By late October 1989, the Council took on the responsibility of organizing the annual Engineers’ Week Banquet. This has become a major activity of the Council over the past years. In November 1989, Dr. Jay Pinson (ECSJ) proposed establishing the Silicon Valley Engineering Hall of Fame Award- The purpose of the award is to recognize persons within the Silicon Valley area who have earned distinction through engineering and technical achievements and who made outstanding contributions to the engineering profession and to the Silicon Valley community. The first year Hall of Fame inductees were Dr. A. Louis London, Mr. Leo Ruth, and Dr. Frederick Terman.

The Council’s first newsletter was published by February 1990 just in time for the Engineers Week Banquet. Gloria Montano (SWE) was editor of this publication. Through 1989 to June 1990, the Council membership grew to twelve organizations. Five Council Committees were formed. These included Education/Career Guidance, Special Events, Fund Development, Membership, and External Liaison.

Ms. Lucy Hsu (SWE) was elected as the 1994-95 President of the Council. SVEC was active in Outreach and Discover “E.” The membership of the Council dropped to twenty member organizations. The Hall of Fame inductees were Dr. Ginzton, Dr. Gunderson, and Dr. Nolte, Jr.

Mr. DeWayne Sharp (ISA) was elected as the 1995-96 President. Dr. Pefley, Dr. Perry, and Dr. Thompson were selected by the Hall of Fame Nominating Committee to be inducted into the Silicon Valley Hall of Fame. The Engineers Week Banquet had a few high-profile guests, including the U.S. Secretary of Defense Dr. William Perry. The keynote speaker for the evening was Mr. Sy Liebergot of the Apollo 13 Mission.

In 1996, Dr. Sam David Haddad, (ASME, SAE, OE), was nominated and elected as the 1996-97 President. During this period a number of innovative approaches were aggressively pursued to include: Formation of an Industrial Advisory Board (IAB), Networking Forum, VIP and Co-Sponsored Seminars, First Annual Symposium, and a special training course. The Banquet attracted a record attendance of 517 with Dr. Perry as the featured speaker and Catherine Heenan of KRON as the MC. The inductees into the Hall of Fame were Sam Cristofano, Jim Gibbons, and Bernard Oliver. Also, we recognized three major founders of SVEC; Jay Pinson, Joe Louis and Dick Ehrlich. The President put a great deal of effort into illustrating to member societies the “value-added” services of SVEC by visiting and speaking to them at one of their regular meetings. Also, during this year we joined the Non-Profit Development Center and we employed a part-time executive assistant. SVEC soared to represent 28 engineering and technical societies with increased prominence and visibility. For the first time, most of the proclamations from members of Congress and local Mayors mentioned SVEC. For the first time we had more nominations for “Directors” than available vacancies! Our monthly business meetings every 4th Wednesday of the month in Building 160 at Lockheed Martin became the “talk of the town” with very healthy attendance mainly because the business part has been streamlined and we have introduced topical educational seminars and brief informative oral presentations by Silicon Valley based companies who sponsor a light dinner for the evening. In conclusion, we have created a real sense of accomplishment and purpose with our member societies, with an aggressive theme “The Sky’s The Limit.”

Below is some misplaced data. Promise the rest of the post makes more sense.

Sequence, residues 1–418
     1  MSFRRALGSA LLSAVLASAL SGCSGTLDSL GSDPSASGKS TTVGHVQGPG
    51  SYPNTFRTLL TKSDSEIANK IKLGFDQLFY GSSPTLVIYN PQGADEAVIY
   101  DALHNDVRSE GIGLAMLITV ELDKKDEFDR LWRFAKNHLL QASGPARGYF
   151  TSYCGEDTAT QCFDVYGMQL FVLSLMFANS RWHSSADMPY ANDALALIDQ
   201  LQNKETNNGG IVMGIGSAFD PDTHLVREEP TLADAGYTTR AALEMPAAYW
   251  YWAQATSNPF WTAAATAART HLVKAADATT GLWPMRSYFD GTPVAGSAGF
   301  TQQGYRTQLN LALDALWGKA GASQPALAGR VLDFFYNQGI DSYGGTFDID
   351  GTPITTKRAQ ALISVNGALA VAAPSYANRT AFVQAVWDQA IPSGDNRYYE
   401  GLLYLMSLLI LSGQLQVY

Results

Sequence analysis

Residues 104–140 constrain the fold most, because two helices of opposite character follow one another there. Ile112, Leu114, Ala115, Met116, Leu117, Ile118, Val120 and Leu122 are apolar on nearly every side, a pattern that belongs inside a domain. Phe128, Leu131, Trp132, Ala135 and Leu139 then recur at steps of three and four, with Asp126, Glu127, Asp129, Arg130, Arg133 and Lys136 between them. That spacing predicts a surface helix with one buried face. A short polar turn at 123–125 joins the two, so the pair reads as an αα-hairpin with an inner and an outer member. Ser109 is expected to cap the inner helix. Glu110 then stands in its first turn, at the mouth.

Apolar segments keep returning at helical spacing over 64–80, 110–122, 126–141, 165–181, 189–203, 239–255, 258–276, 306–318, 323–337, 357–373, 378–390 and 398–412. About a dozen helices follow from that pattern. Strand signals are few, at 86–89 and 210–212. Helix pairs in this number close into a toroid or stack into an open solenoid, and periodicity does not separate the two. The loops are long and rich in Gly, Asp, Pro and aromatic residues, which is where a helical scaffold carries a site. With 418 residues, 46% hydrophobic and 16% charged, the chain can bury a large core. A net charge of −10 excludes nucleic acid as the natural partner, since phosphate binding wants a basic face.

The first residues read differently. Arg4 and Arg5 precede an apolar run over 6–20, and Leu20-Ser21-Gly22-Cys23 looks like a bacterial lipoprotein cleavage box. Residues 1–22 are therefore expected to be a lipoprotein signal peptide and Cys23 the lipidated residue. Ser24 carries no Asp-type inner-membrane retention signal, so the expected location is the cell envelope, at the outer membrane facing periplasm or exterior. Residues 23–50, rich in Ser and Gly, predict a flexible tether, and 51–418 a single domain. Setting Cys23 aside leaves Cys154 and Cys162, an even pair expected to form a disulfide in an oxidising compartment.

In June 1997, Dr. Sam Haddad was re-elected for a second term (1997-98) as President and Chairman of the Board of Directors according to SVEC Bylaws Article IX, Section 7(a) and section 7(b) with the following aggressive major policy statements and goals.

Continue to visit our member societies and initiate a “Celebration” of SVEC member societies.
Forge close collaborations with SFBAEC, PATCA, CLCPE, WITI and other like-minded entities and associations.
Secure primary funding for the 1998 SVEC banquet and for a part-time Executive Director.
Increase active involvement/participation of SVEC member societies.
Create additional “value-added” services.
Seek ways for more widespread recognition of SVEC in Industry and Government.
Enhance the newly established SVEC Industrial Advisory Board.
Promote Professional Development courses for the benefit of our member societies.

At the annual “Open House” on November 12, 1997 at the Tech Museum of Innovation we announced the following inductees into the SVEC Hall of Fame: William J. (Bill) Adams, Dr. Gordon E. Moore, Dr. Jay D. Pinson, and Anthony (Tony) Turturici. Also, we announced that HP has agreed to sponsor a one day educational retreat (December 13, 1997) for SVEC directors and officers at the Hayes Mansion.

Following is an (incomplete) list of SVEC Presidents in the years to come:
Richard Chung (ASM) 2004-2005
Ron Kane (AIAA) 2005-2006
Steve Kang (IEEE) 2006-2007
Barbara Roberts (SWE) 2007-2008
Elise Engelhardt (ASME) 2008-2009

SVEC member Organizations:

  • IEEE CS (IEEE Computer Society)
  • ASCE (American Society of Civil Engineers)
  • IEEE SSCS (IEEE Solid State Circuit Society)
  • IEEE CIS (IEEE Computational Intelligence Society
  • SWE East Bay chapter
  • ASME (American Society of Mechanical Engineers)
  • ASMI (Santa Clara Valley Chapter, ASM International)
  • EAA (Electric Auto Association)
  • NorthCal AIChE (Leading organization of Chemical Engineering Professionals)

Silicon Valley Leaders
Are Saying

Leaders who have made big difference in our lives

We started Silicon Valley Engineering Council back in 1990 and I’m really excited to be part of it, our purpose was to create an umbrella organization for all technical societies in Silicon Valley…

Dr. Fred Barez

SVEC Hall of Fame Inductee 2020

SVEC Hall of Fame is really a tremendous honor in Silicon Valley, there are some wonderful people who have been inducted to the Hall of Fame and they’ve done really significant things for this community, they cross boundaries and what they’ve done in engineering have made such a big difference in our lives…

Dr. Terry Shoup

Former Dean of Engineering, Santa Clara University, SVEC Hall of Fame

It’s essential to keep the flow of young people excited to go into professions that really build for the future, and I wish Silicon Valley Engineering Council the best of success…

Dr. Steven Chu

Former Secretary of Energy, Nobel Laureate, Professor at Stanford University